Magazine article The Spectator

Real Life

Magazine article The Spectator

Real Life

Article excerpt

Some sadistically cheerful young popsy called Keeley or Tasha, I can't remember which, terminated the call because I breached security. My own security. This is a bit rich, even if I didn't keep completely to the rules. I always cheat during the beginning of the recorded message when the Patricia Hewitt sound-alike tells you to enter your membership or connect card number.

I did enter the details once, you see, and the automated hell into which I descended was so macabre that I vowed never to risk an encounter with it again.

Since discovering that the more you cooperate with an automated system the more options it generates, I have conducted many long and exhaustive experiments with some of the great automated systems of the world to try to work out a modus operandi for bypassing them.

I know I'm going to get into trouble for telling you this but I cannot continue without explaining, so here goes. When the computer-generated voice that for some reason has been based on a former Labour Health Secretary says, 'Welcome to Barclays Premier. To access your account or complete simple transactions press one. For Premier Life customers wishing to access their value-added features and benefits press nine - ha! you thought I was going to say two, didn't you? , ' etc. , I press one. Then when she says, 'Please enter your connect card or membership number or for more options press star, ' I do nothing. That's right. Nothing. How cool am I?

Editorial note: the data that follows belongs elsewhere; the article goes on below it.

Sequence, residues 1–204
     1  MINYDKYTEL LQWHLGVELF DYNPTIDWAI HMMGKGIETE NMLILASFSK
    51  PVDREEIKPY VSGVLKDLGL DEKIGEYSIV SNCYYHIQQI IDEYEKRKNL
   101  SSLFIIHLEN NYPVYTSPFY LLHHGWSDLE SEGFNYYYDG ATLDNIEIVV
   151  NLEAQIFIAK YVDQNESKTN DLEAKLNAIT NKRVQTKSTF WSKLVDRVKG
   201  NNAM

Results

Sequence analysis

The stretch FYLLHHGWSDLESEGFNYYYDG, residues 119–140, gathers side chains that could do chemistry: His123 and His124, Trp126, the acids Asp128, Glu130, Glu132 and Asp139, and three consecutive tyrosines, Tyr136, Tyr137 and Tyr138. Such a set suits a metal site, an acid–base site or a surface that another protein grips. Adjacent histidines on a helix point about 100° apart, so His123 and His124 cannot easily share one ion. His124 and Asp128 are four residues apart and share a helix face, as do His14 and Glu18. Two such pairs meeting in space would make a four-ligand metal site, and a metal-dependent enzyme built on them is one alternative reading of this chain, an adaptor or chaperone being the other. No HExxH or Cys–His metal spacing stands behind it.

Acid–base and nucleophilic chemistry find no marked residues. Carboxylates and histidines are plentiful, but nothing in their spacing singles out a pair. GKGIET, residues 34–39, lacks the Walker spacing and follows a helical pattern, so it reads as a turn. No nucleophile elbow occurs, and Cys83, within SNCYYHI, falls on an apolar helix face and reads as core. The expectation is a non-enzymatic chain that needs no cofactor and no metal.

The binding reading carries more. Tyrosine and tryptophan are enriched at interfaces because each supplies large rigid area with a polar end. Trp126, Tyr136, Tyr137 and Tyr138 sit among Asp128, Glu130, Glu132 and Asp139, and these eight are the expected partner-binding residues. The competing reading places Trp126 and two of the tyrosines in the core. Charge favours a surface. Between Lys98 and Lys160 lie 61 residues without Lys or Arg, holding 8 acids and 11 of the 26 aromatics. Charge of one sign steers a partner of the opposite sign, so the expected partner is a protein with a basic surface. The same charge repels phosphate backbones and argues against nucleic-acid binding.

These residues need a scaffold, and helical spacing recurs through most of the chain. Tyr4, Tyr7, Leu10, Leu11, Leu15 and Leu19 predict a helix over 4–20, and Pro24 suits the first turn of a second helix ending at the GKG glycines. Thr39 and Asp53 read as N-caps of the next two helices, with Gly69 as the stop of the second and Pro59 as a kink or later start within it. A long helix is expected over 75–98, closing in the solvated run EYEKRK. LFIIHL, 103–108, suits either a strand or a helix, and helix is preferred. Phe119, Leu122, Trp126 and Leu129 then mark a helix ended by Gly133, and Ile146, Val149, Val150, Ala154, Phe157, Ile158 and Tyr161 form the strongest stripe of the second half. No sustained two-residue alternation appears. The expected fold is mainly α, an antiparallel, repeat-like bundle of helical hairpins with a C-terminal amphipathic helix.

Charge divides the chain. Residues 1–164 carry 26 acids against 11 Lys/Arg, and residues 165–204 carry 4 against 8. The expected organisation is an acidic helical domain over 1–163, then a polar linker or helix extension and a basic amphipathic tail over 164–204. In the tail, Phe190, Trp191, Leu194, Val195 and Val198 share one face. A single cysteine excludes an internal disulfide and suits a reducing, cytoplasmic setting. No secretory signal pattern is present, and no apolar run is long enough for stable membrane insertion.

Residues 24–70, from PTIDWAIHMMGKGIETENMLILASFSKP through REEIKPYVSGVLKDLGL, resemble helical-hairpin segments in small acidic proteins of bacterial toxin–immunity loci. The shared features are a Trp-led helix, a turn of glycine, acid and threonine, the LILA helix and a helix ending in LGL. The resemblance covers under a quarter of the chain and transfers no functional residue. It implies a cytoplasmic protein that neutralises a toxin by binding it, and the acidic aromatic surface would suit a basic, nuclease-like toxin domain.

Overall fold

There is then a long pause during which you must hold your nerve until she says, 'Please enter your connect card, telephony membership number or for more options press star.' Resist. There will follow another long pause during which you have to be doubly determined. Do not give up now. No matter how gruelling the silence, remember that the darkest hour is before the dawn.

Eventually, she will say, 'Please enter the long number across the front of your connect card, your telephony membership number or for more options press star.'

Seriously, stay strong. Most of the climbers who die on Everest succumb to the cold and exhaustion when they are almost at the summit. That last short climb is the steepest.

When despair seems your only friend, suddenly, out of the darkness, you will hear: 'I need to transfer you to a member of our telephone banking team. …

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